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yourself as a business, this is almost esi and in some cases forever. >> reporter: other tax code changes, no more deducting big medical expenses. medicare patients would have to pay more. all of it adding $1.4 trillion to the nation's debt, $4300 for each one of us. tom costello, nbc news, washington. after a series of tragedies at campuses across the country, ohio state university is now the latest to ban most fraternities as it investigates alleged hazing and alcohol abuse. it's a preemptive strike aimed at preventing the kind of tragic student deaths that have occurred at other colleges. nbc's blake mccoy has more on the story. >> reporter: in a drastic move, ohio state is canceling nearly all fraternity events, sending a letter to 37 organizations because almost a third of them are already under investigation for code of conduct violations this school year. quote, this is an unacceptably high number, and the university will not tolerate behavior that puts the health and safety of students at
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risk. andrew jackson, a fraternity member himself, agreed. >> it's an opportunity for us to take a step back and look and really do a deep dive into the issues that might be happening. >> reporter: ohio state the latest school just this fall to suspend greek life amid concerns of drinking, hazing or sexual misconduct. joining the university of michigan, florida state, louisiana state and texas state. four students have died this year while pledging fraternities including 19-year-old timothy piazza served 18 drinks in an hour and 22 minutes. >> they then left him to die alone, and they tried to cover it up. >> reporter: his school, penn state, has resumed greek life but under tight new restrictions. this could be a turning point, say experts. >> the greek system's on notice that if we're not able to clean up these aberrant behaviors, we may not have greek life in ten years. >> reporter: at ohio state, students hope the suspension will be
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temporary. >> i think they need >> there's not a problem with all the frats. i think it's just a couple of them. >> reporter: ohio state has called on each fraternity to come up with their own detailed plan to fix the culture. until then, no parties and no recruiting. lester? >> blake mccoy in columbus tonight, thank you, blake. now to an nbc news investigation that found that president trump profited from a business to which he licensed his name, a hotel and condo complex in panama with ties to money launderers and drug cartels. here's our chief foreign correspondent richard engel. >> hello. i'm ivanka trump. welcome to trump ocean club international hotel and tower panama. >> reporter: it was the first trump branded tower to go up overseas with ivanka trump pitching it. >> or you can opt to dine on your private balcony. >> reporter: luxurious, yes, but like many real estate projects in panama also a magnet for dirty money according to insiders and a former panamanian prosecutor.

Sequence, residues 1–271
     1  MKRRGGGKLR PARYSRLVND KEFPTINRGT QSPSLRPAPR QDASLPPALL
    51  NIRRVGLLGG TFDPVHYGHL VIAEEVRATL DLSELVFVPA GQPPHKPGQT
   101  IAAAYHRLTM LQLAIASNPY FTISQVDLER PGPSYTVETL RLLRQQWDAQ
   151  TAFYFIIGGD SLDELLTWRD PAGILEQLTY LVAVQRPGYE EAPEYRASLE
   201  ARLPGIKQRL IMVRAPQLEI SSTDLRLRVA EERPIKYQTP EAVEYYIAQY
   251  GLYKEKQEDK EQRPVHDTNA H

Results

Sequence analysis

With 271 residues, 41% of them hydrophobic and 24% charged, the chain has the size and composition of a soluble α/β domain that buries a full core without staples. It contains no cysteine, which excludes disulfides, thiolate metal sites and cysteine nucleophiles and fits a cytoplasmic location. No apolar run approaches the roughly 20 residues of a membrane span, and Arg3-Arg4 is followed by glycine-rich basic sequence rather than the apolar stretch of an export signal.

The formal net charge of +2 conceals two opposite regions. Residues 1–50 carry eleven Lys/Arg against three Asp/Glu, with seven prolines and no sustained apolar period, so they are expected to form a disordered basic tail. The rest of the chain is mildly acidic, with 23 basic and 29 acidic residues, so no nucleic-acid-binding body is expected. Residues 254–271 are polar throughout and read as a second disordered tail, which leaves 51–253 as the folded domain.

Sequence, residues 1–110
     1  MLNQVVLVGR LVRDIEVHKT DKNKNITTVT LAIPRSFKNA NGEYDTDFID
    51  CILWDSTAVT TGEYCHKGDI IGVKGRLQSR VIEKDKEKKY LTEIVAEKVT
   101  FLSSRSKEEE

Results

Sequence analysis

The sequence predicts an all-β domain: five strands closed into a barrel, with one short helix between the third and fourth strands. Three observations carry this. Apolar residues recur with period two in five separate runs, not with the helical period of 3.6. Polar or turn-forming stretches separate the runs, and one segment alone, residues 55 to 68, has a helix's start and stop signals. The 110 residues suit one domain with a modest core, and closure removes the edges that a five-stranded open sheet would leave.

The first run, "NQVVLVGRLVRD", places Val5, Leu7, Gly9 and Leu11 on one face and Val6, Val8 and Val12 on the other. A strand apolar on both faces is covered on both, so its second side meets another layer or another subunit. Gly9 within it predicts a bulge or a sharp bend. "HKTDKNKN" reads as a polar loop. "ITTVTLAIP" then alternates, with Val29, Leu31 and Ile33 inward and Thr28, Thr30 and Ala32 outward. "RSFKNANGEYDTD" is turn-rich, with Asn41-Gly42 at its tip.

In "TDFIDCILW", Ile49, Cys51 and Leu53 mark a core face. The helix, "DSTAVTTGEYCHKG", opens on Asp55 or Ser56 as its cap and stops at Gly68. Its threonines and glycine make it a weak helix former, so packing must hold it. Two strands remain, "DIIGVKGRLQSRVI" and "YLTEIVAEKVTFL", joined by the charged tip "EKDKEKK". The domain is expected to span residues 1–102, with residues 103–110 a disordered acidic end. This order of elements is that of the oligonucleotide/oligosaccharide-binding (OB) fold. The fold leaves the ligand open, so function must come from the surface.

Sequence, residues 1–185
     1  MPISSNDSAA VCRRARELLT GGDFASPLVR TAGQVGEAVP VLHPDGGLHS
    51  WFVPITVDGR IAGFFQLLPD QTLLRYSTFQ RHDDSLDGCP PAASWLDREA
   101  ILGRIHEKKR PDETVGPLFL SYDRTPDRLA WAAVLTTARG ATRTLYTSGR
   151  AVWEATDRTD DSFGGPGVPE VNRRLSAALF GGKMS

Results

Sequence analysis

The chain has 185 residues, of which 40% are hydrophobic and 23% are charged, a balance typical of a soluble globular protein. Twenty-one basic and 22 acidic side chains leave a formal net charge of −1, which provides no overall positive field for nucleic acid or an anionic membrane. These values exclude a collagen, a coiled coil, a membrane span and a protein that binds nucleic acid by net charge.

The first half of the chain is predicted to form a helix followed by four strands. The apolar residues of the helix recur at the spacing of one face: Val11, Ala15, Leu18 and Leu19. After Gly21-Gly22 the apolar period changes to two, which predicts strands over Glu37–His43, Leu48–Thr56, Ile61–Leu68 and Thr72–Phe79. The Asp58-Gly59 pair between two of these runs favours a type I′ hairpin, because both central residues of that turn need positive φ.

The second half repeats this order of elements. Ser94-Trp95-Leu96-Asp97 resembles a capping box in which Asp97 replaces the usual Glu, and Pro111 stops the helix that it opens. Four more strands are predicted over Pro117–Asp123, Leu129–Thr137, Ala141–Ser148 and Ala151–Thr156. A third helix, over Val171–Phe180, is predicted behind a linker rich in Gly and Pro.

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an conjunction with reuters, reveals brokers and buyers included russian gangsters and a money launderer for latin american drug cartels. alexander ventura was one of the tower's main brokers. >> i had some customers with some, you know, questionable background. >> reporter: what does that mean? >> i mean, you know, i found out later, not in the beginning, from like it belongs to the mafia, the russian mafia or things like that. >> reporter: ventura is now a fugitive accused of fraud. we agreed to disguise his appearance. did the trump organization want to know who these buyers were, where the money was coming from? >> no. not that i'm aware of, no, no. not at all. >> reporter: monte friesner was in panama at the time the units at the trump ocean club were being sold. he's a convicted former money launderer and knows ventura and
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his partners. ventura was marketing the trump ocean club [000:13:59;00] corrupt people could park their money? >> you got it. >> reporter: and they did. >> yeah. but they didn't just park their money. their money was turned over consistently. >> reporter: a former panamanian prosecutor who investigated the building confirmed to us it did draw in people with a criminal history. asked for comment, the white house and ivanka trump's team both referred us to the trump organization. in a statement, it said, the trump organization was not the owner, developer or seller of the trump ocean club panama project. and that the organization has no relationship with ventura or knowledge of the allegations against him. i believe this is the picture of you with president trump. >> yes, that's correct. that's mar-a-lago, yes. >> reporter: so you were a guest at the party, they hosted you at mar-a-lago. >> yes. >> reporter: the trump organization is now distancing itself from a project that earned